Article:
The Another

    The ‘endless cycle’ of migration at the French-Italian border



    A young migrant is turned back at the French border post at the San Luigi bridge in Ventimiglia, northwestern Italy, on January 18, 2023.

    Between the locality of Grimaldi, the last in Italy, and the French commune of Menton, where the French Riviera merges into the Italian Riviera, the 19th-century English aristocratic villas, the bougainvillea and the blue waters of the Mediterranean have served as the backdrop for a permanent migration crisis for the past eight years. Since 2015, France has systematically renewed the exceptional suspension of freedom of movement there. Men and women try to cross the border, but others stop them and send them back to Italy. The pendulum has begun to swing again, this time taking more dangerous paths. In eight years, several dozen people have lost their lives.

    With the re-establishment of controls on trains, roads and paths that crisscross the limestone hills of the coast, this historic migratory route has turned the town of Ventimiglia, seven kilometers away, into a bottleneck. From time to time, occasional frictions between Rome and Paris regarding the migration issue are also played out there. On May 4, French Interior Minister Gerald Darmanin deemed far-right Italian Prime Minister Giorgia Meloni “incapable” of managing migration flows in Italy.

    In the first months of 2023, Italy recorded a significant increase in migrant arrivals from the North African coast. The Italian Interior Ministry reported that 42,000 people arrived in Italy via the Mediterranean in 2023, compared with 11,000 in the same period in the previous year. The rise in migrant influx is mainly due to an increase in the number of people from sub-Saharan Africa, North Africa and the Middle East leaving Tunisia. In response, the Italian government declared a state of migration emergency and called into question the international protection regime in force in the country.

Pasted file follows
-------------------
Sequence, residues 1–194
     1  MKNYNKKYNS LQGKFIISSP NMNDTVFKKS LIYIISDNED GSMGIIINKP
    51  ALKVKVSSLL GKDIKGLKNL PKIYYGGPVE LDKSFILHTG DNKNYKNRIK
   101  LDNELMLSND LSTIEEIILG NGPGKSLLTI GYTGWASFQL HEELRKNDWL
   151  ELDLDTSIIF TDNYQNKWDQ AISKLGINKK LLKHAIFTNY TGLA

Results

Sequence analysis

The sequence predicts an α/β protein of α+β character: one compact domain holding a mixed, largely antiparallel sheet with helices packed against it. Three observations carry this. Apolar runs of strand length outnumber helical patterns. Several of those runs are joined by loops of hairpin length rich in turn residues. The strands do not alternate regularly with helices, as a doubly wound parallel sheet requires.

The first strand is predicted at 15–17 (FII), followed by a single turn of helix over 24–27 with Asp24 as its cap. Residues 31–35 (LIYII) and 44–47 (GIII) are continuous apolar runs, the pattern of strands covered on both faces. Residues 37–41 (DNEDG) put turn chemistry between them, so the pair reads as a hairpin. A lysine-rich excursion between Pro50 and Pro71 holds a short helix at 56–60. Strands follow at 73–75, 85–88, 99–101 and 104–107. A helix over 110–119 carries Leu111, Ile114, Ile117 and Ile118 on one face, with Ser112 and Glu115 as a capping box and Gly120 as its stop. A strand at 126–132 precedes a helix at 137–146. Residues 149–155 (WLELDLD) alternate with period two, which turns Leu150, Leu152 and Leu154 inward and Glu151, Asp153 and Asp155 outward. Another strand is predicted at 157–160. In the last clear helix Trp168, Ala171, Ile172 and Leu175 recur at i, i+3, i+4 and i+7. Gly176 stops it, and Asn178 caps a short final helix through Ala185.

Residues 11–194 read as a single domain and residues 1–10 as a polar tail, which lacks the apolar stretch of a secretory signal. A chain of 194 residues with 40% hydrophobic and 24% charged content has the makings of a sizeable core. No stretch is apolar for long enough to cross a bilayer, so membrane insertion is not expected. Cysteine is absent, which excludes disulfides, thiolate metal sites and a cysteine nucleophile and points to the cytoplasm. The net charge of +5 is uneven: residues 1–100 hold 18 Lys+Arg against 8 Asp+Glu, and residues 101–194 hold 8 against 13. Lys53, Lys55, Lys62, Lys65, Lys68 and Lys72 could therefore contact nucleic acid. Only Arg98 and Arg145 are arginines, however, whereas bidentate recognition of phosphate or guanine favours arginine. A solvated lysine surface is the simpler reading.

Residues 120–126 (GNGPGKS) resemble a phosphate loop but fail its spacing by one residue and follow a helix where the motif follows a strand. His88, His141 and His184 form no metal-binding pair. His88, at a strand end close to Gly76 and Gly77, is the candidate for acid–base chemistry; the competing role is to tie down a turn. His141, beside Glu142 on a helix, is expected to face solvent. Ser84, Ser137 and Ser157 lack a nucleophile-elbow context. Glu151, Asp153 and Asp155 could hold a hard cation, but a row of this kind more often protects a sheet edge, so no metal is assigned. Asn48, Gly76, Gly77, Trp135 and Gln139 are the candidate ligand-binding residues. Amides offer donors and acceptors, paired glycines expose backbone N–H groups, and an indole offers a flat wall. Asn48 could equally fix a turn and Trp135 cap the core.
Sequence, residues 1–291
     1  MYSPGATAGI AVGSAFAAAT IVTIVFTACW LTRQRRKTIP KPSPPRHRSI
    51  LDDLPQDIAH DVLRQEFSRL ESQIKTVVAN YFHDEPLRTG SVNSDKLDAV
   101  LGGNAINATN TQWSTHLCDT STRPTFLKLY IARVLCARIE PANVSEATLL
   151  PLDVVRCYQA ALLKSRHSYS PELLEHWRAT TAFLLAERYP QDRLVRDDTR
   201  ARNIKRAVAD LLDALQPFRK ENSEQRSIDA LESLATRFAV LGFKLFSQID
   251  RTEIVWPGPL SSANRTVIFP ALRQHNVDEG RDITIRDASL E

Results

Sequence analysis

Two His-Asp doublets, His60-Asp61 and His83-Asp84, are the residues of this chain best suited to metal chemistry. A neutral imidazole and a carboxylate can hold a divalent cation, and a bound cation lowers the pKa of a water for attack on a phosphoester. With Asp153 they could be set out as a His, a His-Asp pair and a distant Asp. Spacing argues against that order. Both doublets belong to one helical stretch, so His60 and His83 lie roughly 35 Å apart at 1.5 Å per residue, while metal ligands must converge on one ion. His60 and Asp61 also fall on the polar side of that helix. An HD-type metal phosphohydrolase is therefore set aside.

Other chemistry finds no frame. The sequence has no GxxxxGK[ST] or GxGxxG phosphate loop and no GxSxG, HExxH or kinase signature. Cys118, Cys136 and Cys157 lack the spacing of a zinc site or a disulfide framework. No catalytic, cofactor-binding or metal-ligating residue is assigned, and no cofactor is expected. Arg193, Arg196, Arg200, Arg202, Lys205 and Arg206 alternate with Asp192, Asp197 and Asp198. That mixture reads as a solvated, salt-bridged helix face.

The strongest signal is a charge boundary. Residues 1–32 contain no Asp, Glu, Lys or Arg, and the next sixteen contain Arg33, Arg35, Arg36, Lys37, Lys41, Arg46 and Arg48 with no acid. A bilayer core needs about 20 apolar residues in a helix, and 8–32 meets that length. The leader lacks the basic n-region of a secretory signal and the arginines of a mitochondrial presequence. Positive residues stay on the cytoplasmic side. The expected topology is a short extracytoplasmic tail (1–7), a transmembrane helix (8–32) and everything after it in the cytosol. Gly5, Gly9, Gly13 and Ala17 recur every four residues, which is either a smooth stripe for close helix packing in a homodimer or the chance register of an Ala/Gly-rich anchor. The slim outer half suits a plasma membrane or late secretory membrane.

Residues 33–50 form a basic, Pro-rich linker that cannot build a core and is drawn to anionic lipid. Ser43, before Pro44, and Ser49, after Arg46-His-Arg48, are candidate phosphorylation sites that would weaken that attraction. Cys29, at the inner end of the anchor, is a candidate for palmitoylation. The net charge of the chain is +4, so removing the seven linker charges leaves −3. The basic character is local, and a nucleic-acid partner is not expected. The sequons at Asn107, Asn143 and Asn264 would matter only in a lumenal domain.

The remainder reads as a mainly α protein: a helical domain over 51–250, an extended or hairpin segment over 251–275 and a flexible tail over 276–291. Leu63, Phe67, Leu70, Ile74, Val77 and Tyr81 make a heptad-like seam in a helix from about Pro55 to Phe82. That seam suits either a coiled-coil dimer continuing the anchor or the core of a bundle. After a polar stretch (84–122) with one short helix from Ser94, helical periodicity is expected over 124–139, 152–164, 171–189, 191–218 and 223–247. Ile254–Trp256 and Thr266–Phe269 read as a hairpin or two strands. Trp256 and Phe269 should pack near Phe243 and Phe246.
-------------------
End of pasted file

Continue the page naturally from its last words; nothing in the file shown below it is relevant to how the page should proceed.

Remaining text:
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    ‘A never-ending story’

    The growing numbers have automatic repercussions at the border with France. In the municipalities of the French Riviera, governed by the conservative Les Républicains party, reception structures are said to be saturated with unaccompanied foreign minors and the summer is expected to be particularly tense. Since January, 40.8% of those who have landed on Italian shores are from French-speaking sub-Saharan Africa, according to data from the United Nations High Commissioner for Refugees (UNHCR).

    In a context of political overkill on the migration issue, the French government announced at the end of April that it would dispatch 150 additional police officers and gendarmes and it would create a “border force” including gendarmes, police and military, aiming to keep migrants on the Italian side. The Alpes-Maritimes prefecture has authorized the use of drones to monitor the border between the seaside and the footpaths in the hinterland.

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